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My Lords, it is a pleasure to follow the noble Baroness, Lady McIntosh, following her dash from the Woolsack, and to join your Lordships in discussing two issues dear to my heart: education and health—or, as Tony Blair used to say, “schools ’n’ hospitals”. These are the everyday issues that our fellow citizens are concerned about: their health and that of their parents, their loved ones, partners and children, and, of course, where those children will go to school, college and university. What a joy it is and has been—a throwback, perhaps, to a gentler time—to take part in a debate in which there has been so little mention of the “B” word. Perhaps this is what political normality looks like. Do any of us remember?
I join other noble Lords in paying tribute to the noble Baroness, Lady Emerton. She has been a fine servant of this House and a source of wise advice on health issues. She will be sorely missed. It has been commented many times, in this debate and elsewhere, that there are perhaps too few nurses in the NHS. I am afraid that there are now too few in this House as well. We wish her well. Before I go any further, I refer noble Lords to my interests as set out in the register.
On education, contrary to some of the views expressed this evening, I believe that the Government have a track record to be proud of: hundreds of thousands more children educated in outstanding schools, hundreds of new schools and academies created, and the introduction of a wide set of reforms to standards on phonics, maths, the curriculum and qualifications that will help young people reclaim their right to be among the best educated in the world. I could not help but note that the noble Lord, Lord Storey, was not so impressed by these reforms, pointing to the results of the international PISA survey. In the interim, between his speech and mine—I hope he will not mind—I checked online. I noticed that the most recent published data was for tests sat in 2015. The 15 and 16 year-olds taking part had spent most of their life being educated under a Labour Government. Nevertheless, I share his urgency on improving school standards, but it is only fair, since the national curriculum was introduced in September 2014, to wait for future evaluations before we come to any final judgments.
In the last few years, school funding has been a growing pressure. The promised increase in the school budget to level up spending for the worst-funded schools is welcome, but it is further education that most needs our attention. FE has always been the Cinderella service among policymakers, usually because people in positions of power have little experience of it. The extra £300 million set aside for this sector in the recent spending round was good news, but it is only a one-year settlement. I hope that my noble friend the Minister can provide some comfort to your Lordships that it is only the first step of many towards a properly funded lifelong learning and further education system.
On health issues, I congratulate my noble friend and her department on a full slate of major reforms in the most gracious Speech. We are looking forward to the Health Service Safety Investigations Bill, which receives its Second Reading next week. I will reserve my comments on it until then. Perhaps in the interim, however, my noble friend could reassure the House that the Government are not putting all their eggs in this basket and that other separate but equally important patient safety initiatives, such as my noble friend Lady Cumberlege’s review of the safety of medicines and medical devices, will be acted on with the same energy.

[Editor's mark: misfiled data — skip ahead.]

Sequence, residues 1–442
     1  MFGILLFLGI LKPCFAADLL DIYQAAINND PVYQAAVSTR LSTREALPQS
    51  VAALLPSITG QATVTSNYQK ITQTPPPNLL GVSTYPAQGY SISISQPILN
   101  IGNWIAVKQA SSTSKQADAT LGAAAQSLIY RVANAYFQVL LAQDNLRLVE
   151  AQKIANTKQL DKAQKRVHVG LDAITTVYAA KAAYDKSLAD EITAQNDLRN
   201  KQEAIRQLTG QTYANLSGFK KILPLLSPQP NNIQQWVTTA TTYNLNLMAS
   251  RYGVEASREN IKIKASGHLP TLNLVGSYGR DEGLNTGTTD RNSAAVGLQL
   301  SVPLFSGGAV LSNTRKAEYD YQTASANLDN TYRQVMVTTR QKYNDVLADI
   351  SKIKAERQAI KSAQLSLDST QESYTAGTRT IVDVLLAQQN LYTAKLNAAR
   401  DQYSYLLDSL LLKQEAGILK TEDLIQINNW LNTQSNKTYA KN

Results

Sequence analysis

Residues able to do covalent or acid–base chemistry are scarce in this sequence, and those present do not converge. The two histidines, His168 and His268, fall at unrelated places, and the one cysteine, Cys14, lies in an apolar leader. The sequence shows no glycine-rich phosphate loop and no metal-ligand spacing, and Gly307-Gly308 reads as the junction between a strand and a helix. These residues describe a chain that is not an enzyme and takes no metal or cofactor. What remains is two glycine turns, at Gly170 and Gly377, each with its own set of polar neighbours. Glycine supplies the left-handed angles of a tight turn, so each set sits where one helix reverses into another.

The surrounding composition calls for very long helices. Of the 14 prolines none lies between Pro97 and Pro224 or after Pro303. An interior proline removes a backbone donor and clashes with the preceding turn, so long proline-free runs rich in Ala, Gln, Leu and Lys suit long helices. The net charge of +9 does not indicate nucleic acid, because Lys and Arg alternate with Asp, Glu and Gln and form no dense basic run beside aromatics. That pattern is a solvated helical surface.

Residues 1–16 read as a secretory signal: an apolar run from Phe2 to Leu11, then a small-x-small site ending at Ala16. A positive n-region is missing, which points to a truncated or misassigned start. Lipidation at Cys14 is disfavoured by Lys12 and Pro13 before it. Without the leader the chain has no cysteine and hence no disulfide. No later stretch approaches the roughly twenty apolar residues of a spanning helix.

The most gracious Speech also contains details of an important Bill that will determine the future regulatory system for the medicines and medical devices we rely on in the NHS. Does my noble friend agree that, on regulation, our aim for the future relationship with the European Medicines Agency should be to become an active and participating full associate member, but, if that is not possible, that we should use the opportunity to create the fastest, most sophisticated and joined-up system for bringing advanced therapies to patients anywhere in the world?
One way of achieving this goal is to ensure that the NHS has world-leading digital infrastructure. I know that my noble friend cares deeply about this topic, so can she tell the House how she will maximise the benefits of the UK’s health data assets for NHS patients? A significant investment by the Treasury in this project at the upcoming Budget would be a welcome sign of progress.
Finally, the Queen’s Speech was strong on promoting science and R&D. Nowhere does this matter more than in the life sciences and in health. Does my noble friend agree that a major focus for increased spending should be the National Institute for Health Research, one of our most effective research organisations, which has had only a flat cash settlement for the past 10 years? Funding this institution should be part of a collective strategy to reimagine the NHS as the world’s biggest and best R&D organisation. It will be patients who benefit the most from such an ambition. In these divided times, surely that is something we can all agree on.